Maddy Webb of TR Fastenings with socks she is collecting which can be turned into toys for children in Mombasa.

Uckfield socks could help Mombasa charity

Spare socks are being sought by a manager at TR Fastenings in Uckfield to help a charity that’s making a big difference to the lives of children in Kenya.

Maddy Webb, global customer quality manager at TR, would also be grateful for Lego and financial donations to help Friends of Mombasa Children (FOMC).

The registered charity is currently fund-raising to buy mosquito nets to provide protection against malaria for children living in its school orphanage and nearby slums. It costs £5 to buy a net and this could save a young child’s life.

The charity is also fundraising for the ‘8K Classroom challenge’ to buy a little more land and construct a brick school building at a cost of £8,000 per classroom.

The Lego Maddy is asking for will be used in classroom demonstrations and the socks are to teach children how to make sock-toys.

Maddy Webb_Sock Puppets

Sock toy-making instructions are being followed by volunteers at TR Fastenings before being taken to Mombasa where older children will learn how to follow them.

Voluntary teams at TR sites throughout the UK are currently testing instructions for sock-toy making, turning the woolly footwear into animals such as zebras and elephants, ahead of Maddy visiting Mombasa early next year.

Maddy became involved in the charity through her parents Chris and Val Azzaro who have supported children and Unity Freretown Junior and Primary School, north of Mombasa Island, as it has developed over the years.

A high standard of teaching has been fostered to the extent that some children are now paying to attend which helps with funding the charity. Paying for an education is common in Mombasa.

Nearly all places at the school are free with children coming from slums. They might be known to a teacher as having lost their parents, or there might be a small family finding it difficult to afford to pay for their children to attend school through the normal route.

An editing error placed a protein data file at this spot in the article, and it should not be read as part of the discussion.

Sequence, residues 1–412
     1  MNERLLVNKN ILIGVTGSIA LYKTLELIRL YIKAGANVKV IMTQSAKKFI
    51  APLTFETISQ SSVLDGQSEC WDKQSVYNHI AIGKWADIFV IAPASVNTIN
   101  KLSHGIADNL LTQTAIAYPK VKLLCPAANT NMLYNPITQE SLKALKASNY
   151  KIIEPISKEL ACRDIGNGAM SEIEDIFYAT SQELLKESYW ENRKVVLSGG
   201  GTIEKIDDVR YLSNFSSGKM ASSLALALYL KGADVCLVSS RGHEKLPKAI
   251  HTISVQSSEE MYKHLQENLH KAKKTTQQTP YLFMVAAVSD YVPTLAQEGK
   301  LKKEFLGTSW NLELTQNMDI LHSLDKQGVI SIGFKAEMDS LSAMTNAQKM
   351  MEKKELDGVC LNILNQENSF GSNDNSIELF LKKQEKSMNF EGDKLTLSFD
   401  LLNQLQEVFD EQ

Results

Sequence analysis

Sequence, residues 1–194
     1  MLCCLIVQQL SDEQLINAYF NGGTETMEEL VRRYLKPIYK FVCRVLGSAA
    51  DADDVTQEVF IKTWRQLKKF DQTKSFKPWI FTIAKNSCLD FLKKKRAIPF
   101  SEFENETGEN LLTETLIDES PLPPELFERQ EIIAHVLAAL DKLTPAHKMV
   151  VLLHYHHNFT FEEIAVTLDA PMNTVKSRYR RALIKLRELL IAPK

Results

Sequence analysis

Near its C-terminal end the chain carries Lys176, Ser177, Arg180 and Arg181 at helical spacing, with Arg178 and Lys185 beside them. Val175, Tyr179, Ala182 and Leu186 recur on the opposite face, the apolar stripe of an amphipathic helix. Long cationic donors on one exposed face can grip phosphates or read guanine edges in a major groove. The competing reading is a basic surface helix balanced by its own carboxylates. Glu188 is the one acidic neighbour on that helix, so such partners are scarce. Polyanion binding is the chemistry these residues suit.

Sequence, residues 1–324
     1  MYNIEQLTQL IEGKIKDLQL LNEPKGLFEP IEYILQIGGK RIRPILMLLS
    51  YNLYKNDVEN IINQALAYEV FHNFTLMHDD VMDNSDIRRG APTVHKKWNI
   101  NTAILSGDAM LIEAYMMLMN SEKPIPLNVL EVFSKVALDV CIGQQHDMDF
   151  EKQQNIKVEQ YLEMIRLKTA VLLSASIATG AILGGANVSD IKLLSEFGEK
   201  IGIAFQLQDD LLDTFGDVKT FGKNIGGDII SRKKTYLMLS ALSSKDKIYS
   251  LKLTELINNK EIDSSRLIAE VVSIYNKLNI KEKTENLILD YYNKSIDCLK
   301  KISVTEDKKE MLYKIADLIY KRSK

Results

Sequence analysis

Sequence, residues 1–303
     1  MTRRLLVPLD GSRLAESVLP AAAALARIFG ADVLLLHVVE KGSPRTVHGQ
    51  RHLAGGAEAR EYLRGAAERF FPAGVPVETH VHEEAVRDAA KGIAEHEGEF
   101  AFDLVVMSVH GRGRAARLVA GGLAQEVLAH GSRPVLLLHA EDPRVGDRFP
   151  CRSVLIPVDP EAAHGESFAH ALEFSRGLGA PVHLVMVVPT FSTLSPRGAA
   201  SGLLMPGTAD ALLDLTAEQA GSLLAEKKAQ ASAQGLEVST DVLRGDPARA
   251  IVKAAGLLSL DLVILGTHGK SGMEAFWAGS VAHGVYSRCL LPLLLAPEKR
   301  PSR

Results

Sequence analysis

One meal a day

The children are assessed for need and once in the school they are able to take part in a feeding programme which gives them a good meal each day – probably the only one they will have – and access to health care and an education.

The school is funded by people in the UK but Maddy said there were exciting developments too with a school at Eindhoven getting involved and one of the richer schools in Mombasa also helping.

Maddy said only a small proportion of the 300 children at the school go on to further education. Most leave when they are 14 and one of the problems is that they have no idea of the opportunities that could be available to them. They don’t understand the concept of industry.

Tuktuk driver

Typically the children will see their career aspirations as being a teacher, a doctor, a tuktuk driver, or mechanic, because that is what they see around them.

A couple of years ago Maddy’s father organised a trip to take some to visit an airport and for the first time they were aware of how an airport worked. They were able to climb on a fire engine, see a water cannon and generally interact with the place.

Another trip is planned to Mombasa’s huge port, where ship loads of goods are travelling in and out daily on their way through Africa.

Maddy is going out at the end of February to spend a couple of weeks in the school where one of things she will do is talk about the supply chain in industry – something she knows about through her own TR Fastenings job.


She will have videos to show processes and will take children to the port to see the steel and cars coming in to start firing their imaginations about the possibilities in front of them.

Maddy said Christmas is quite strange for the children because the school is closed on Christmas Day and they won’t have a meal there.

When there is no food to eat the concept of presents and toys is unknown and pales into insignifiance but Maddy said that as a mother herself she knows how valuable soft toys are, especially to younger children, and giving them is a powerful thing.


“I want to teach the older children how to make the toys so that there can always be a toy for a young child.”

She added socks were light-weight and could easily be carried in suitcases and there was a strong culture of re-cycling in Africa so the children would not need to rely on the UK for supplies.

Maddy said: “A lot of people from Sussex help keep the charity going, but we’re appealing for more support and if anyone can help the kids, even with a small one-off donation, it would be hugely appreciated.

“It’s easy to do this by visiting the Friends of the Mombasa Children Virgin Money Giving webpage.”

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